Say you’re at a bar with a few friends, and that last Manhattan or brew hits you just a bit harder than you expected. You thought you’d be okay to drive, but now you’re worried. But wait: There’s an app for that, you remember. Uber or Lyft have come to your town, so you pull out your phone, request a ride, and relax—you’ve got a safe, sober, affordable ride home.
Ridesharing isn’t your only option if you find yourself too drunk to drive, of course. Traditional cab drivers also have a vested interested in keeping drunk drivers off the road. But new evidence shows that the specific introduction of ridesharing services like Uber, Lyft, and Sidecar has decreased DUIs in cities including Philadelphia, Chicago, and San Francisco—all cities with established, robust taxi industries. So what’s the difference? And does ridesharing actually cause a significant reduction in the number of DUIs, or are those two factors merely correlative?
New Ridesharing + DUI Research in Philly
Nate Good, CTO of Pittsburgh-based event ticketing company Showclix, recently dug through public data records to unearth some fascinating analysis on the correlation between the introduction of Uber Black, Sidecar, and UberX to Philadelphia and Pittsburgh and the number of DUI arrests. It’s important to note first that Pennsylvania has more of a drunk driving problem than the national average: According to Uber’s blog, “In Pennsylvania, alcohol-related motor vehicle deaths exceed the national average by 24 percent, and alcohol is responsible for 38 percent of all motor vehicle fatalities—one of the highest rates in the nation.”
Sure enough, Good found a statistically substantial dip in DUI arrests beginning immediately after Uber Black was launched in Philadelphia. Good found that after all ride-sharing services were in effect (April 2013 through the end of 2013), the average number of DUIs across the board dropped by 11 percent. For those riders under age 30, the drop was even more significant: They showed an 18.5 percent decrease in DUIs.
Good is quick to point out that correlation does not necessarily mean causation. But it is interesting that his 11 percent figure hovers so closely to the same figures that Uber itself has found in Chicago and San Francisco.
We reached out to Uber for comment on the findings, and spoke via email with spokesperson Lauren Altmin. “Uber was created to ensure that people could access a reliable ride, wherever and whenever,” Altmin says. “As a byproduct of Uber’s mission, we’ve seen significant social and economic impacts, including a decline in DUI arrests, in cities across the country.”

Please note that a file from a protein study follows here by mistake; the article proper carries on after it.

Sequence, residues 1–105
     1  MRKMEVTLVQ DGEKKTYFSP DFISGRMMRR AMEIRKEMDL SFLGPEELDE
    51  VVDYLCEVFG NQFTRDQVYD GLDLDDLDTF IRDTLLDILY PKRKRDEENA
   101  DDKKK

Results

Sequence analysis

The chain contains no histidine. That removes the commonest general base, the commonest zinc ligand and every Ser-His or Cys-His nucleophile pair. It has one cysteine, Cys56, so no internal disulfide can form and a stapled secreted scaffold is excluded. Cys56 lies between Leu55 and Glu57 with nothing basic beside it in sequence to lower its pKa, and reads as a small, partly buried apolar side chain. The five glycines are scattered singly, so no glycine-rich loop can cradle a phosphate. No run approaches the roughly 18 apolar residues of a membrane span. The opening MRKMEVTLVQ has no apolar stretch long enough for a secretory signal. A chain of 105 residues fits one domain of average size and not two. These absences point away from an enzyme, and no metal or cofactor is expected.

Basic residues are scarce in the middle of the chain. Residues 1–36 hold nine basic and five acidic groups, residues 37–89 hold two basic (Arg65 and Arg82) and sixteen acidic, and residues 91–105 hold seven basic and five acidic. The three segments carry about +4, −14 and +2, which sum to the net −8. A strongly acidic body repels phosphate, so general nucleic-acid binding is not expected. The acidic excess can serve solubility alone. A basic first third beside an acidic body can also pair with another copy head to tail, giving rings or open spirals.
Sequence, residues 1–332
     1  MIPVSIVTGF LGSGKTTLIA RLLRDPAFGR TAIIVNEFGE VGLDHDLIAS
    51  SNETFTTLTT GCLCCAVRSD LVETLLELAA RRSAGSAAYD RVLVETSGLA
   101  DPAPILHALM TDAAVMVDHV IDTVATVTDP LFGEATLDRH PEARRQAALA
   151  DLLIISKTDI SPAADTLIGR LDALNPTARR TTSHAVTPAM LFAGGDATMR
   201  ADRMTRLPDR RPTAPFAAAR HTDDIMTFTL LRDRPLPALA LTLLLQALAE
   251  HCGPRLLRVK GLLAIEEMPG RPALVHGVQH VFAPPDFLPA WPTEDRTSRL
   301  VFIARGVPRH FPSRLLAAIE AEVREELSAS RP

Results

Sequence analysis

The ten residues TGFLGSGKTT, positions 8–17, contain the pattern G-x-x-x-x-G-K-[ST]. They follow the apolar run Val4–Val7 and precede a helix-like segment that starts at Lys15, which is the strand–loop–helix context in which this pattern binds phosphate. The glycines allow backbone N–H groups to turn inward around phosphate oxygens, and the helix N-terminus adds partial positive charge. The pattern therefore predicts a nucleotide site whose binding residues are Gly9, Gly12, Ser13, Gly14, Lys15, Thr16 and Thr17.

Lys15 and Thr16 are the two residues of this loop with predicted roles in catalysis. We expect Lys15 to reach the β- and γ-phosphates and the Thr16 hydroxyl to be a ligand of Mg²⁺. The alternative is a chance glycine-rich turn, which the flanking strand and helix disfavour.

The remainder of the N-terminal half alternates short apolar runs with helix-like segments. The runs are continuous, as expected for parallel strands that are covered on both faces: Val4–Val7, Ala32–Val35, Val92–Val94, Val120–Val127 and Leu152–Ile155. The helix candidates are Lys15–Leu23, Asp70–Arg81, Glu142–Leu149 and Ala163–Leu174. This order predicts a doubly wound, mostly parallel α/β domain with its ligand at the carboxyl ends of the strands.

As to why UberX might be more effective than taxis at curbing drunk driving? “The safe, transparent and seamless nature of the app, as well as prices that average 40 percent cheaper than a taxi, all contribute to reasons why users choose to utilize UberX as an important and necessary alternative to drunk driving,” Altmin adds. “Uber is thrilled to contribute to the overall welfare of the cities in which we operate, and looks forward to continuing these efforts by providing readily available access to convenient and affordable rides at the touch of a button.”
We’ve thought about this too, and it makes a lot of sense: This particular writer now orders her pizza via an app or online, rather than have to face the horror of speaking to someone about it over the phone. The fact that ridesharing services have not just adapted to smartphone tech but instead were borne out of it might be enough to cause a difference, especially for younger riders.
Drivers Speak Out
There’s anecdotal evidence to support Good’s research, too. We spoke with one Uber driver from California who is also a retired firefighter, who says he has seen “both sides of the equation.” “I believe that the ride sharing services most definitely have a positive effect on how people go out to drinking,” says Scott Miller, who’s been driving for Uber for a year in Orange County, Calif. “I have had clients from all walks of life, many who already know the benefits of Uber, etc. and use them on a regular basis. DUI costs in California are $10,000+ and what is a $10 ride home compared to the monetary but also possible costs to life, limb and career?”
Miller also adds that he’s driven people who have gotten DUI’s—”along with taken some people to their community service as part of their DUI conviction.”
Given that Uber has already done preliminary studies on its effect on drunk driving, it will be interesting to see if it is the company itself or another that spearheads further research on the topic. I would be curious to see if the effect is less pronounced in cities with robust taxi offerings, or more public transportation options (like NYC). It will also be interesting, over time, to see if this is a spike, somehow related to the apps being new, or if this is a permanent change. Will even more DUIs be prevented five years from now? It might depend largely on what regulators decide to do with ride-sharing companies.
Every 53 minutes on average, someone is killed in a drunk driving crash. We say anything that could provide a 10 percent dip in DUI convictions is worth exploring more as a possible way to change that horrific statistic. What do you think?